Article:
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Afghan Land Dispute Sparks Ethnic Tension

Pashtun refugees returning to claim homes and lands in Takhar face opposition from local Uzbeks.
By Gulrahim Niyazman
Life is becoming increasingly perilous for 82 families who have spent the past six weeks languishing in an old prison in Takhar province. Denied food and clean drinking water, and living in the open without adequate shelter, they are becoming desperate.

“The soldiers bring things from the local bazaar, and sell them to us for four times the normal price,” said Shahwo, a 45-year-old woman who has been virtually imprisoned for more than one month. “If you ask them for change, they just say ‘shut up or I’ll smash you in the mouth’.”

In late August, Shahwo and more than 500 former residents of Takhar province returned following years of exile in Pakistan.

Most are Pashtuns, the majority ethnic group in Afghanistan, who had fled the fighting that plagued their province during the Soviet invasion. Now, after more than two decades, they have come back to reclaim their houses and lands.

But local residents, drawn mainly from the Uzbek minority, have long since moved into the abandoned properties.

To prevent an outbreak of hostilities, say the authorities, they brought the Pashtuns to an old prison in the Khajabahauddin district of Takhar. Originally built by jihadi commander Ahmad Shah Massoud in the mid-1990s to jail Taleban fighters, it has turned into an uncomfortable refuge for the returnees.

“My children are ill, they have fever, diarrhea, vomiting,” complained Shahwo. “I cannot take them anywhere for treatment. Yesterday one of my neighbour’s children died, and we could not even have a normal funeral service. Armed men accompanied us to the cemetery.”

The troubles started several weeks ago, when the 82 Pashtun families, numbering 575 persons, arrived in Lalah Gozar, a village in Khajabahuddin district. They possessed documents that they claim proved their right to lands and houses that they had occupied before they were driven out by war. Since 1985, the families had been living across the Pakistan border, in Balochistan. Now they wanted to come home.

But the Uzbek residents of Lalah Gozar were not eager to see the truck caravans containing the worldly possessions of the Pashtun families. They blocked roads and staged protests to keep the returnees from unloading their belongings.

“Why should I give my 102 jeribs to these people?” said Qari Hamidullah, an Uzbek resident of Lalah Gozar.

The lands in question have a long and troubled history. According to Hajji Jamshed, an Uzbek elder in Lalah Gozar, the territory was originally held by Uzbeks.

“We have 80-year-old documents saying that this area was under the control of our fathers, who worked the land,” he told IWPR. “Fifty-two years ago, the government came and took these lands from us and gave them to the Pashtuns. Then they came and started to work on these lands. But we will not let these murderers, these al-Qaeda terrorists back, not at any price.”

Many Afghans blame the Pashtun majority for the excesses of the Taleban regime. Taleban were drawn largely from the Pashtuns, and they imposed a strict interpretation of Islam on an often unwilling population.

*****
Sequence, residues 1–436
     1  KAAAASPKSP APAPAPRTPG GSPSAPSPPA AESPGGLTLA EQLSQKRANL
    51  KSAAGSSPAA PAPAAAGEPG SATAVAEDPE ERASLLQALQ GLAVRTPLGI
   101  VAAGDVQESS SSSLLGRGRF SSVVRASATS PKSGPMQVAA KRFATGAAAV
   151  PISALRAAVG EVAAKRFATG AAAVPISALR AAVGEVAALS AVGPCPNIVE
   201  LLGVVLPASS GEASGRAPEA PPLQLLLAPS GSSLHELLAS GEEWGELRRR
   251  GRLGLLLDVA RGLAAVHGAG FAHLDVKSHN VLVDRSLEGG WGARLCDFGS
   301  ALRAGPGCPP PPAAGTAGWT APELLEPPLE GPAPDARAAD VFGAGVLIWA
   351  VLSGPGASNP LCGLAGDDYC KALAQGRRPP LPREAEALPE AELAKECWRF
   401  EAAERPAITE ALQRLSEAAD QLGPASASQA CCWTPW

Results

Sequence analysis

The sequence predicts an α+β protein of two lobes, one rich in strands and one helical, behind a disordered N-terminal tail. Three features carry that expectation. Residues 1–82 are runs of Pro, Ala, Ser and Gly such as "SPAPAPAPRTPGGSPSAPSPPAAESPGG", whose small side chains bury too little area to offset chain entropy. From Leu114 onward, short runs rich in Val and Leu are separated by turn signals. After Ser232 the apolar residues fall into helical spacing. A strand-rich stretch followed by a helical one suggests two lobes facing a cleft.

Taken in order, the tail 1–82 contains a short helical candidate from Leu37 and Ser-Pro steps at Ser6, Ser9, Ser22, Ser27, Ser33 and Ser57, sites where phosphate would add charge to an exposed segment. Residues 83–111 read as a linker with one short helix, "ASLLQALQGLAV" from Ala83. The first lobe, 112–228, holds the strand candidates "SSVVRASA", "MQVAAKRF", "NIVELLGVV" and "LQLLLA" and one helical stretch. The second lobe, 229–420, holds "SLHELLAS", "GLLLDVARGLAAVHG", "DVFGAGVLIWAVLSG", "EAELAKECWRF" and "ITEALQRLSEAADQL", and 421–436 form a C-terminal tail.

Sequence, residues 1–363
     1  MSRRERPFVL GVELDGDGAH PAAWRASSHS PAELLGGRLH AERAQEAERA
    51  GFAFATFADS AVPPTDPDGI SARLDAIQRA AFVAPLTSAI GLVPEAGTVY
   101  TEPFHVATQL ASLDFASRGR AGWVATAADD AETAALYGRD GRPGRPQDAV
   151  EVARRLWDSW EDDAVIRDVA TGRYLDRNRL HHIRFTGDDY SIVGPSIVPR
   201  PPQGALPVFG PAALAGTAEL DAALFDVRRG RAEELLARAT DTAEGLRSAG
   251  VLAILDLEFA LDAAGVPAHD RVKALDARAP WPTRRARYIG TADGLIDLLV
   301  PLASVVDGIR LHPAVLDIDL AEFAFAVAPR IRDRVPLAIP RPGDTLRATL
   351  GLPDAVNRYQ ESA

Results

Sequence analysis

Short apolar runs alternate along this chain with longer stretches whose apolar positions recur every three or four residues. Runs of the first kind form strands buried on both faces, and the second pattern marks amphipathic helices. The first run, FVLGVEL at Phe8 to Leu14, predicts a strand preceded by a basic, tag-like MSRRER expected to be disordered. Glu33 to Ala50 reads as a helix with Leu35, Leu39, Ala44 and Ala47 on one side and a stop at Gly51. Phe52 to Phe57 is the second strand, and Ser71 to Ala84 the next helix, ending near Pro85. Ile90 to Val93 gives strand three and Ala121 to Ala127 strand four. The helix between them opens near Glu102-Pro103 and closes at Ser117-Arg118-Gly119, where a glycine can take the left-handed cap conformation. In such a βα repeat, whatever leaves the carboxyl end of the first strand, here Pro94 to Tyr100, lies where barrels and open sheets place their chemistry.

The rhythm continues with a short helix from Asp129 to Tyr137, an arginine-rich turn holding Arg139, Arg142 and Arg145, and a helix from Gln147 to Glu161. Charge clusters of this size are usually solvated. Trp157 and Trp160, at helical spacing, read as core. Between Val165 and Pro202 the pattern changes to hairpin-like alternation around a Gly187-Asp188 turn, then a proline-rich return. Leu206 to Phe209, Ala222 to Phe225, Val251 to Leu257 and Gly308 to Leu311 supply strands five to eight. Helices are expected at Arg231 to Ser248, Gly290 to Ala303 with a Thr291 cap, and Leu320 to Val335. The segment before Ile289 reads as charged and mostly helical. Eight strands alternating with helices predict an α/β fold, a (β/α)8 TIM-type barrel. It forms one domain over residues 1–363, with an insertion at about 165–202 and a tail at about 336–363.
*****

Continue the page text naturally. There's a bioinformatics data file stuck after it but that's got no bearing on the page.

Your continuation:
“We are not related to any …. group,” said Abdul Jabar, one of the returnees. “We were just victims of fighting. But just by being part of an ethnic group we are [under suspicion].”

Given the level of local antagonism, it seems the government had little choice but to put the Pashtuns in the old prison, said Hajji Akram Anwari, governor of Khajabahuddin district.

“The Pashtun returnees have legal documents,” he told IWPR. “But if they went right to their homes they would have been attacked by the Uzbek militias.

“These returnees are not prisoners. But where they are now is the safest place for them.”

His fears seem to be well-founded.

“We were waiting in ambush for those returnees,” said Hajji Jamshed. “If the governor had not stopped them and taken them to the prison, we would have attacked them and killed them.”

The returning Pashtuns say that the land, given to them by the government over 50 years ago, was just a swamp before their fathers and grandfathers cleared it and made it usable. According to the law in force at the time, non-arable land distributed by the government became the property of those working it after 30 years.

“We were given the lands by the government in 1957,” said Abdul Jabar, one of the returnees. “We should have received title deeds in 1987, but we had to leave in 1985, because of the fighting. Was this our fault?”

Uzbeks living on the land abandoned by the Pashtuns are confused as to who actually owns it.

“I have been living in this district for 15 years,” said Khal Mohammad. “I came here during the civil war, built a house in Mahajer Kishlaq and started to live here. I do not know whether somebody has documents for this land. I do not.”

Another Uzbek resident, who did not want to be named, told IWPR that, for him, the issue was clear. “These lands belong to those families who have returned from Pakistan,” he said.

His understanding is that the lands were given away during the chaotic civil war years of the mid-1990s.

“The land was distributed to other people by Mohammad Kabir Marzban, who was governor of Takhar at that time,” he said. “But in my opinion the returnees have the right to the land and it should be returned to them.”